THE founder of a free school in Bradford jailed for fraud in 2016 has been told to pay back nearly £23,000 or spend another year in prison.

Sajid Hussain Raza, 45, was sentenced to five years for defrauding the Department for Education (DfE) of thousands of pounds in government grants when establishing Kings Science Academy in Lidget Green.

Two other defendants and former academy staff members - Raza’s sister Shabana Hussain, 41, and Daud Khan, 45 - were also jailed for six months and 14 months respectively.

The trio were convicted in August 2016 of making payments into their own bank accounts from grants given to help set up the school in Bradford in 2011.

The fraudulent activity, which totalled £69,000, continued for three years, between November 2010 and December 2013.

At a Proceeds of Crime hearing conducted at Leeds Crown Court earlier this week, Judge Christopher Batty ordered Raza to repay a total of £22,929 or face the prospect of an additional 12 months in prison. Hussain was ordered to pay back £12,800.

During their trial at the same court, a jury was told that Raza and Hussain, who was a teacher at the school, made a series of payments into their own personal bank accounts from the government grants.

Khan, the financial director, did not receive any payments but the court heard the fraud could not have taken place without his participation. Raza and Khan also submitted inflated or fabricated invoices for rent, fees for heads of department, and recruitment services.

Raza, then of Spring Gardens Road, Heaton, Bradford, was found guilty of four counts of fraud, three counts of false accounting, and two counts of obtaining money by deception, relating to lying about his income on mortgage application forms.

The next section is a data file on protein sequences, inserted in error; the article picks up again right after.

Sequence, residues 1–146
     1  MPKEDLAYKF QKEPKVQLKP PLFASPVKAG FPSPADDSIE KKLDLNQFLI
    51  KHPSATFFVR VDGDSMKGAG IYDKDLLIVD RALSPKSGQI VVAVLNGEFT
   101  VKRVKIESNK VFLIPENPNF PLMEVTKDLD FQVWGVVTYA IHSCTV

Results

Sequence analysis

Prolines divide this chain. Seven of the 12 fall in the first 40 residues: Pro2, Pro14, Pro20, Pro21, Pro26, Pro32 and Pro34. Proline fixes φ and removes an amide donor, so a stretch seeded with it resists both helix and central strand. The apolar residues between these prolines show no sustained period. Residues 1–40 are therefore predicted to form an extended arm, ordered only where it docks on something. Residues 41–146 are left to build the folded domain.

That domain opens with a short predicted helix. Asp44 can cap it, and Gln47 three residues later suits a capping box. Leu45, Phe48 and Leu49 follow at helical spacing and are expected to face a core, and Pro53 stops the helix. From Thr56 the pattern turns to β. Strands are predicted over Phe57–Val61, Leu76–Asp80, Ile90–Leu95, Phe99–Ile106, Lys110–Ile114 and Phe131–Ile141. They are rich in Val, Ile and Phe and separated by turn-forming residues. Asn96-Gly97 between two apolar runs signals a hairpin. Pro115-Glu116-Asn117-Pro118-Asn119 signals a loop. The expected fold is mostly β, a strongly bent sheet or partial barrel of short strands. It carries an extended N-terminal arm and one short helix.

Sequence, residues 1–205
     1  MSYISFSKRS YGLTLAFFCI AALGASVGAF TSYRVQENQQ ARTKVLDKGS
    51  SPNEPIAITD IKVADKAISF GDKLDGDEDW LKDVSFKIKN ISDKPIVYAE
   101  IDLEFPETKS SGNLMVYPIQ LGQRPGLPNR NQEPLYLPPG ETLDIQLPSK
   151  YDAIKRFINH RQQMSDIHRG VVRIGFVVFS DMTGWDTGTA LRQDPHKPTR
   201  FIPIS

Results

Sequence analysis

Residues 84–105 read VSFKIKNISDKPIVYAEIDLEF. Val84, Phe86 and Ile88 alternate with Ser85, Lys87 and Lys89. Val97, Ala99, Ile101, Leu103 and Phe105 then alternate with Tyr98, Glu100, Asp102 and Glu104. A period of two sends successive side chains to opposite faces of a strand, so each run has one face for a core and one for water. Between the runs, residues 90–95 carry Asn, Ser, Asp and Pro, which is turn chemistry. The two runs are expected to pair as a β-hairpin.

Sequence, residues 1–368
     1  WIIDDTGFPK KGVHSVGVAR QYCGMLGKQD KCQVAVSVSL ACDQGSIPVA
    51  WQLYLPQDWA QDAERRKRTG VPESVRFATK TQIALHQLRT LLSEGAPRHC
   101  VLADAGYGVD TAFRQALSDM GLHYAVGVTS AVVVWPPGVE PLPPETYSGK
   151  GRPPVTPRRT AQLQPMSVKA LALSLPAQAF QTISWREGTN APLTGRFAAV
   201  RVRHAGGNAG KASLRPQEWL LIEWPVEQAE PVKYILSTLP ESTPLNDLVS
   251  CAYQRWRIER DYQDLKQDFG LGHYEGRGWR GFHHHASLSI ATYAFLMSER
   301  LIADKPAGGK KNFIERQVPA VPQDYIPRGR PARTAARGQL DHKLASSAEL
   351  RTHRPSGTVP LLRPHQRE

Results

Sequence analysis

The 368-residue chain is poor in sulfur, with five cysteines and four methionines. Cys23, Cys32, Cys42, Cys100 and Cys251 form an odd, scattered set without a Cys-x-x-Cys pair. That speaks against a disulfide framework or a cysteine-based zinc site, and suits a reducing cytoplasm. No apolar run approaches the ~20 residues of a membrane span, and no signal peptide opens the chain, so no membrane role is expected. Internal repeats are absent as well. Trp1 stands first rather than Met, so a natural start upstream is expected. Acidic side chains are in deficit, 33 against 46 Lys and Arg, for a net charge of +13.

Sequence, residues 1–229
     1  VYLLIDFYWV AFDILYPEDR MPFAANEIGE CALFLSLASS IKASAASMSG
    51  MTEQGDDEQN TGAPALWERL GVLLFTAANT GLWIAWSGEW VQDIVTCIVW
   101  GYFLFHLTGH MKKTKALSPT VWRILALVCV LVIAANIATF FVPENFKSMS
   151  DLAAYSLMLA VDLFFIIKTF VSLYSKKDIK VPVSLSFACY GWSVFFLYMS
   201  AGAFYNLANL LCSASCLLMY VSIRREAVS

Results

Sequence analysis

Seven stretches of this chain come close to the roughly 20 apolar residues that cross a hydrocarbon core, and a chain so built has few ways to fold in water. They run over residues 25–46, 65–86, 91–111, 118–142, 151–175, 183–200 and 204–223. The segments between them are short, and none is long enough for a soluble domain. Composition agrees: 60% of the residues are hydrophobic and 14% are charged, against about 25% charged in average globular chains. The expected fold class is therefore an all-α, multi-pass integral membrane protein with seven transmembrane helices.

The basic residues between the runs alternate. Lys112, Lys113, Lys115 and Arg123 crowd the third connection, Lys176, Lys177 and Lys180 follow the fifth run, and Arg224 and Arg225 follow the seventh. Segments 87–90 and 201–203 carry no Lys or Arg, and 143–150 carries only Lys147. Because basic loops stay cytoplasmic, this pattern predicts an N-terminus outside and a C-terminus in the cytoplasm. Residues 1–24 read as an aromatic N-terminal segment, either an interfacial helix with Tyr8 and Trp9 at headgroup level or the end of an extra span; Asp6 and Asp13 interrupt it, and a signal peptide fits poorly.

Hussain, of Wilmer Road, Heaton, Bradford, was found guilty of one count of fraud and one count of obtaining property by deception.

Khan, of Thornhill Place, Thornbury, Bradford, was convicted of two counts of fraud and three counts of false accounting.

Free schools were part of the Conservative Party’s manifesto in 2010 and in 2012 the school, which is now part of the Dixons Academy chain, was praised by Prime Minister David Cameron during a high-profile visit.

When the trio were sentenced in 2016, the DfE said that all “inappropriately used” monies had already been recovered.

At the time, a spokesman said: “All academies operate under a strict system of oversight and accountability – more robust than in Council-run schools – ensuring any serious issues including financial mismanagement are identified quickly and dealt with efficiently.

“In this case, the Education Funding Agency acted as soon as allegations were made and, thanks to that swift action, all inappropriately used departmental funds were recovered.”

A DfE spokesperson yesterday said: “The DfE has recovered from the Academy all of the funds which it identified as having been inappropriately used. We would expect that any funds recovered here would go to the Academy chain.”